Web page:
Congressional Leadership Fund and the NRCC spent $19.5M in the Los Angeles market, marking their highest investment in any market this cycle. Meanwhile, House Majority PAC spent $288K on the Democratic side. The DCCC did not spend in the market. This distribution is rather extreme, as most other large markets around the country typically include more suburban and rural districts deemed tossup elections.

A bar chart showing House race spending in California

In CA CD-47, CLF was the second biggest advertiser behind Democratic candidate Katie Porter, who spent $14.8M. CLF’s ads in this election were only focused on the economic issues: inflation, small businesses, taxation, and the economy itself. Some ads from CLF pitted Porter against other Democrats, suggesting that other Democrats help give money to families while she takes money out of their pockets. Porter ended up winning in a close election.

The other two elections in the Los Angeles market with significant House race spending from the two GOP groups were districts that the GOP was attempting to maintain. Cook Political Report had CA CD-27 as a Republican toss-up and CA CD-45 as lean Republican. Both elections resulted in Republican victories.

The other two elections in the market, CA CD-49 and CA CD-40, saw significantly less money. CA CD-49, a Democratic toss-up, only saw $1.8M in spending outside of the four groups. While the $288K investment from HMP looks small in comparison, it made up 16% of the spending in the election. CA CD-40, a lean Republican district, saw $3.0M in other spending. Both elections fell the way of their projection, as CA CD-49 went to Democrat Mike Levin and CA-40 went to Republican Young Kim.

The four groups aired an overwhelming number of negative ads. These groups seemed to favor showing why one should not vote for an opponent rather than supporting their party’s candidate. Ninety percent of the ads run by the groups had a negative tone, while 8% were contrast ads (both positive and negative) and 2% were positive.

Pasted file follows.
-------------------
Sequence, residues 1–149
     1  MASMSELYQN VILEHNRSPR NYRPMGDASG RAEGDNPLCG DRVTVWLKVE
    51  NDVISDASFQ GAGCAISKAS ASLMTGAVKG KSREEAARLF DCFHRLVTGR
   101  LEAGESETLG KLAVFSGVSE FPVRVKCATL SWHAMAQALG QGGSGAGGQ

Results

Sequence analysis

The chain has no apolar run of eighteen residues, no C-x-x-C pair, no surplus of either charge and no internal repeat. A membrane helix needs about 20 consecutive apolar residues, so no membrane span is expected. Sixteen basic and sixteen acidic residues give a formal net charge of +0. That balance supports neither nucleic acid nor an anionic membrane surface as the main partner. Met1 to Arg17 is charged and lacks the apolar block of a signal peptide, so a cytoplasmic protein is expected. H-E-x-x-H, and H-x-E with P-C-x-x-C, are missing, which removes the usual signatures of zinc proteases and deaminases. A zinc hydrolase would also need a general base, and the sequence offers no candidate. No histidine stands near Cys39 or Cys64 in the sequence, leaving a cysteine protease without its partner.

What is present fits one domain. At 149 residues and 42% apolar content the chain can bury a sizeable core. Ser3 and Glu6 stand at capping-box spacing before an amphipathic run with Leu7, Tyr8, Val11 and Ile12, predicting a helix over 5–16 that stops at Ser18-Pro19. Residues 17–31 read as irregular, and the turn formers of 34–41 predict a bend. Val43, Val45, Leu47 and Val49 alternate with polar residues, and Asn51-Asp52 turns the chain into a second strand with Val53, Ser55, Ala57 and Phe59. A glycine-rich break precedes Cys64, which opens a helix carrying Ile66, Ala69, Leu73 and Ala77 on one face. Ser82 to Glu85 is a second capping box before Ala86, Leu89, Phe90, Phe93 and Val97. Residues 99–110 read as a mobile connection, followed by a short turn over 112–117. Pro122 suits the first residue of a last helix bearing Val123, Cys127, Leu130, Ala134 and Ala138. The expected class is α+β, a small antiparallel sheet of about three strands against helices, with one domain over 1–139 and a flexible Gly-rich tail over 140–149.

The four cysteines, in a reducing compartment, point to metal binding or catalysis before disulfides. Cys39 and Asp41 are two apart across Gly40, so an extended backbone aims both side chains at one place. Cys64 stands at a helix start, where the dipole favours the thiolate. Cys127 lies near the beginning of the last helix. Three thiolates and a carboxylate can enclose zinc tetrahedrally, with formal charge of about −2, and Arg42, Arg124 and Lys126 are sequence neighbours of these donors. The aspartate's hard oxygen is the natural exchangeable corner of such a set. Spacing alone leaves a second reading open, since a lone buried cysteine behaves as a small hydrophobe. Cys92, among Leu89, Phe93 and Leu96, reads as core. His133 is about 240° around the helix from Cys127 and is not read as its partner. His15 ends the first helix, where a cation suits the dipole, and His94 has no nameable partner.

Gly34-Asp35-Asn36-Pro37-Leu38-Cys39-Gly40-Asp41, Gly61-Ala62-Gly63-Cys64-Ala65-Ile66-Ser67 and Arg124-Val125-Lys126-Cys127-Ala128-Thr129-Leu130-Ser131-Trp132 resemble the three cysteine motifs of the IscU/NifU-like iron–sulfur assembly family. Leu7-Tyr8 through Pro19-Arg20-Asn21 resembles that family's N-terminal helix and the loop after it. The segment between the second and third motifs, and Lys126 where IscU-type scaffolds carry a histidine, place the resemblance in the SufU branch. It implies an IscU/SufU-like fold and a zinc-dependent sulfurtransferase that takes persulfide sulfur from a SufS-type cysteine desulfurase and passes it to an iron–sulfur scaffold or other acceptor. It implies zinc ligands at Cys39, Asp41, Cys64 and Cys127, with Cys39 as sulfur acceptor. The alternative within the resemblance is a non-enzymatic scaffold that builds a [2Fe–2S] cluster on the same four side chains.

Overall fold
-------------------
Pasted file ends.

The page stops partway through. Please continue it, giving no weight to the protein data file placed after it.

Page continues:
The CLF & NRCC were more negative on average than their Democratic counterparts, with 95% of their ads having a negative tone. An example of this, the NRCC’s ad attacking Michelle Vallejo in TX CD-15 for wanting to defund the police, institute the Green New Deal, and end cash bail, shows the vitriol that some of these ads contained.

Meanwhile, 83% of HMP & DCCC ads conveyed a negative tone. An example of a negative ad by the groups was the DCCC’s ad about Lisa Scheller’s views on abortion in PA CD-07. Fifteen percent of the Democratic groups’ ads were contrast ads. House Majority PAC’s ad showing how Nikki Budzinski helped get Illinois a $15 minimum wage while opponent Regan Deering opposed it, exemplifying the type of contrast ad that these Democratic groups aired.

The top six issues mentioned in ads by these four groups were taxation, abortion, crime, special interests, Nancy Pelosi, and healthcare.

Each ad could contain multiple issues, so these numbers are not the total airings by these groups.

The most striking issue figure here is that the Democratic groups were the only ones to air ads that mentioned abortion. Abortion took on a more prominent role in leading political discourse this election cycle, and Democrats reflected it in their ads. On the other hand, the Republican groups were the only ones to mention Nancy Pelosi.

While Democrats ended up winning more seats than initially expected this cycle, Republicans still gained control of the House. These groups will continue to have a massive effect on the House ad landscape in 2024, though their targets and messaging strategies may differ significantly.